Blake, Wordsworth, and Coleridge
528 pp, $11.95. Order Now!
"Stop, Christian passer-by!—Stop, child of God,
And read with gentle breast. Beneath this sod
A poet lies, or that which once seem'd he.—
O, lift one thought in prayer for S.T.C."
The word "romantic" has so many varied meanings that C.S. Lewis quipped it should be deleted from our vocabulary. Yet, from the perspective of English literature, "romantic" is associated, first and foremost, with the poetry of Romanticism, the movement that accentuated the aesthetic value of emotion, human experience, and the majesty of nature. In this volume the finest works of the first generation of Romantic Poets—William Blake, William Wordsworth, and Samuel Taylor Coleridge—are assembled in an accessible and yet scholarly manner, together with a selection of contemporary criticism by tradition-oriented experts, in order to introduce these poets to a new generation of readers.
A look at the essays
- "'A Still More Naked and Simple Style'—the English Romantic Poets and the Ballad" – Raimund Borgmeier
- "The Architecture of English Romanticism: Constructions of Wordsworth and Coleridge" – Crystal Downing
- "The Romantic Sonnet in England" – Michael Hanke
- "The Externalization of the Internal: Perception in Blake's Songs of Innocence and of Experience" – Louis Markos
Joseph Pearce situates the reader with the introductory essay.
Books by Author
by last name, except for Wm. Shakespeare
Meet the Minds behind the Romantic Poets Edition
Robert Asch is an English critic, specializing in the nineteenth and early twentieth centuries. Educated in London and Toronto, he spent most of the 1990s in Central Europe and presently lives in France with his wife and children. He is a cofounder and coeditor of the Saint Austin Review, and editor of the Saint Austin Press. He is currently translating Léon Bloy and preparing an annotated edition of Lionel Johnson's writings.
Other Works Edited
Joseph Pearce is writer in residence at Aquinas College in Nashville, Tennessee, and director of the Aquinas Center for Faith and Culture. He is the editor of the St. Austin Review and the Ignatius Critical Editions series editor. He is the author of three books on Shakespeare, published by Ignatius Press: The Quest for Shakespeare: The Bard of Avon and the Church of Rome (2008), Through Shakespeare's Eyes: Seeing the Catholic Presence in the Plays (2010), and Shakespeare on Love: Seeing the Catholic Presence in Romeo and Juliet (2013). He has also published books on a number of modern literary figures, including Oscar Wilde, G. K. Chesterton, Hilaire Belloc, Roy Campbell, J. R. R. Tolkien, C. S. Lewis, and Alexander Solzhenitsyn.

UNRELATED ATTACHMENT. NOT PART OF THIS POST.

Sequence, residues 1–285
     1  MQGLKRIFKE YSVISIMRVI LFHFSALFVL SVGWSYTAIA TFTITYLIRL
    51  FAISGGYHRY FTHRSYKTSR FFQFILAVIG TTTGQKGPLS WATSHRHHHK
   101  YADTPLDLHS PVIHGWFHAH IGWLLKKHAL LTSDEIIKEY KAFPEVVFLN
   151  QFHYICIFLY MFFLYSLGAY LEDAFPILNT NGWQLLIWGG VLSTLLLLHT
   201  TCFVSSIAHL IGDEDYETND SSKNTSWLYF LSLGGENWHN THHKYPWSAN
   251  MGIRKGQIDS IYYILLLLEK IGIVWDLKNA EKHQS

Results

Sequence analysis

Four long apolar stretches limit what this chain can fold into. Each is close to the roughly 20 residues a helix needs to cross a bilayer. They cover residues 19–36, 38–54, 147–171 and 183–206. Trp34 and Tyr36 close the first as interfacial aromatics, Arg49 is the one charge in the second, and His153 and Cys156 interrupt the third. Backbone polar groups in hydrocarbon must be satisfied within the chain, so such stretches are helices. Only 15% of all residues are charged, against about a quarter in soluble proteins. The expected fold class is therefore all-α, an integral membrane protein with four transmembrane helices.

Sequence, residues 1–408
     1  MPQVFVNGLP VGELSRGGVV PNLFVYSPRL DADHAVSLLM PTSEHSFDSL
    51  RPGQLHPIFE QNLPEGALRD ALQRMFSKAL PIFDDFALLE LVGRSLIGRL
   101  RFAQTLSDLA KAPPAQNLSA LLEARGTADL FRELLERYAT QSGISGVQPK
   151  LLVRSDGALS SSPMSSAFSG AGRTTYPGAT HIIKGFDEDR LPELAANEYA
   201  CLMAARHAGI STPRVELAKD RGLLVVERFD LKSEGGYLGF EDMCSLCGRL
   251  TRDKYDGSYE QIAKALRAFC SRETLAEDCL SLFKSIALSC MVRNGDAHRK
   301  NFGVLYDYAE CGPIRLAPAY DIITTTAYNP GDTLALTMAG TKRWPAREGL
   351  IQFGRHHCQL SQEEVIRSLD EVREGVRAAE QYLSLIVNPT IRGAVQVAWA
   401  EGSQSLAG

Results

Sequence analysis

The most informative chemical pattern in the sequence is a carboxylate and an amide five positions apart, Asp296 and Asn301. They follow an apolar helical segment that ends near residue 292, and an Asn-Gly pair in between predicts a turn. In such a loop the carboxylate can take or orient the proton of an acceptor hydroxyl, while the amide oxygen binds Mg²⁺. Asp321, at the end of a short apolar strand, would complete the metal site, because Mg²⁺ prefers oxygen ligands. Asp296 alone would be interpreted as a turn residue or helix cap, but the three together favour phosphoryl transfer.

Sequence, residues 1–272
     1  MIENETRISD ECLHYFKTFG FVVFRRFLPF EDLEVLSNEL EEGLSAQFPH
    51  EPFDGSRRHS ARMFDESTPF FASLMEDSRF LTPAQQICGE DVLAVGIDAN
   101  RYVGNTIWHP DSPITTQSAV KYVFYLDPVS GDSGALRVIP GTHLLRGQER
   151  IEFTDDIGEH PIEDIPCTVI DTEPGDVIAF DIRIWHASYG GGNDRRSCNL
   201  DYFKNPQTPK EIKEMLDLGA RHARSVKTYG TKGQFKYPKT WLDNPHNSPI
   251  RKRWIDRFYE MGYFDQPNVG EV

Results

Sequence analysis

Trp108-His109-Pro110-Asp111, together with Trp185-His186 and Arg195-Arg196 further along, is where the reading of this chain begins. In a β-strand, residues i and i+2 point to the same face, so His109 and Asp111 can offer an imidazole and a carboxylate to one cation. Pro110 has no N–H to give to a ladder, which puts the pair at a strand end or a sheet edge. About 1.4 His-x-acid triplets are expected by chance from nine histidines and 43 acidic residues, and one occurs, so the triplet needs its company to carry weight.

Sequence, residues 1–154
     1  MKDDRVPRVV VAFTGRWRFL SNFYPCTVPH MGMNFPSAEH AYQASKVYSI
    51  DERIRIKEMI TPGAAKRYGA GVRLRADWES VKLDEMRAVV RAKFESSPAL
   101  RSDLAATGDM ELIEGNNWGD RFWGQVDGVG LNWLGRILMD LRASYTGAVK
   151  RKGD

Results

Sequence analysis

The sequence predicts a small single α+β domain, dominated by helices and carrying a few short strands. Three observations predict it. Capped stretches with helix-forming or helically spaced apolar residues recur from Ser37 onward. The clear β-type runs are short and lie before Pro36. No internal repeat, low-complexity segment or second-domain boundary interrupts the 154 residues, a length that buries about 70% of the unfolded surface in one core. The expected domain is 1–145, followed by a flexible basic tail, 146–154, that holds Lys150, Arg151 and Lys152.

Raimund Borgmeier is professor emeritus of English Literature at the University of Giessen, Germany. He has been visiting professor of English at the University of Wisconsin in both Madison and Milwaukee. His research fields are Shakespeare, eighteenth-century and Romantic poetry and culture, special genres (science fiction and crime fiction), nineteenth-century fiction, and contemporary literature. In 2000, he was honored with the Festschrift Lineages of the Novel: Essays in Honour of R. B., ed. B. Reitz and E. Voigts-Virchow.
Crystal Downing received her Ph.D. from the University of California, Santa Barbara, and is Distinguished Professor of English and Film Studies at Messiah College in Pennsylvania. She has published on a wide variety of literary topics, from Shakespeare to the Brontës, and has won both national and international awards for her essays on film. Her three books explore the relationship between Christianity and poststructuralism: Writing Performances (2004); How Postmodernism Serves (My) Faith (2006); and Changing Signs of Truth (2012).
Michael Hanke obtained his PhD and his habilitation at German universities. He taught English Literature at the universities of Hamburg, Duisburg, and Gießen; has published books on John Crowe Ransom, Roy Campbell, and German Expressionist poetry; has written many articles on English literature; and has edited several collections of critical essays.
Louis Markos is a professor in English and scholar in residence at Houston Baptist University and holds the Robert H. Ray Chair in Humanities; he is author of From Achilles to Christ, Pressing Forward: Tennyson and the Victorian Age, Apologetics for the 21st Century, and Eye of the Beholder: How to See the World Like a Romantic Poet.